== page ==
"The basic concept of the bill is to allow the citizens of South Carolina to be able to continue to buy incandescent light bulbs," said State Representative Bill Sandifer, Chairman of the House Labor, Commerce and Industry Committee. 

"It is my strong belief that the feds have overstepped the Tenth Amendment, and now are venturing into telling us what kinds of lighting we can have in our homes," Sandifer added. 

But how can the federal government ban light bulbs? "They are trying to use again as they have so often done, the Commerce Clause.  But I have a real problem with Big Brother intruding in how I live in my home," Sandifer declared.
Wilson explained, "Since the bulbs would be made entirely in South Carolina and sold in South Carolina, the federal government has no power to regulate it under the Interstate Commerce Clause."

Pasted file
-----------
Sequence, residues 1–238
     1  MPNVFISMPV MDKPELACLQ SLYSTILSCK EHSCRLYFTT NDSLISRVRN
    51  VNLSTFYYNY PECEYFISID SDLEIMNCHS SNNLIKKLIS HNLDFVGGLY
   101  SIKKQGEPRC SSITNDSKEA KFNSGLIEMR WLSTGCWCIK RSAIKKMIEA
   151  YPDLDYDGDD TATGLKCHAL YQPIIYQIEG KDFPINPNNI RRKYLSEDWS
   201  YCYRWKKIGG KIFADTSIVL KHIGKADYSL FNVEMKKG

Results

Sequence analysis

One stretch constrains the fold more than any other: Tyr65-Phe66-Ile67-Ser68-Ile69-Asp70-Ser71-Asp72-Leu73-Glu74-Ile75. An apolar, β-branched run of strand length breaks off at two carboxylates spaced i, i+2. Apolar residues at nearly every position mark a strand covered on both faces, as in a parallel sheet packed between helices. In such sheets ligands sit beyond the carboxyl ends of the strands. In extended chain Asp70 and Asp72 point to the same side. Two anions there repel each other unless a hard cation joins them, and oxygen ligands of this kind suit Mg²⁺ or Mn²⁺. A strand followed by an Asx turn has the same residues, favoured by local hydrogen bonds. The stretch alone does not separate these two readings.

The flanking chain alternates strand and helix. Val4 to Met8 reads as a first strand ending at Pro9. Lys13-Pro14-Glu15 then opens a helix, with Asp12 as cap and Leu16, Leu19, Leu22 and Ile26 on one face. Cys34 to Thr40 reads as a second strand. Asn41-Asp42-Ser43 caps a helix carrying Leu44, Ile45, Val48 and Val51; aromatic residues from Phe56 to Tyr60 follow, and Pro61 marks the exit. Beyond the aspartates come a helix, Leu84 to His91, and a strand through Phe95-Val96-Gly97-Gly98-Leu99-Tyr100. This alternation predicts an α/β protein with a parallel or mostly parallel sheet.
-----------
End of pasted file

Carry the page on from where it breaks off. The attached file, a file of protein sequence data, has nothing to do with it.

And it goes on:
Loftis blasted the federal ban on incandescent light bulbs, saying, "On the one hand, the feds say we need to do something about cleaning up the environment, and on the other hand, they impose requirements that we use this particular light bulb that has hazards with the disposal of it." The new fluorescent bulbs are laced with mercury, raising concerns over the costs of proper disposal and over mercury seepage back into the environment. 

Loftis said that passage of the bill may depend on how environmental groups respond to it.  "What side are they going to take?" Loftis asked. "Are they going to take the side of clean disposal? Or are they going to take the side of potentially putting some of the hazardous materials in the landfill or back out into the environment?"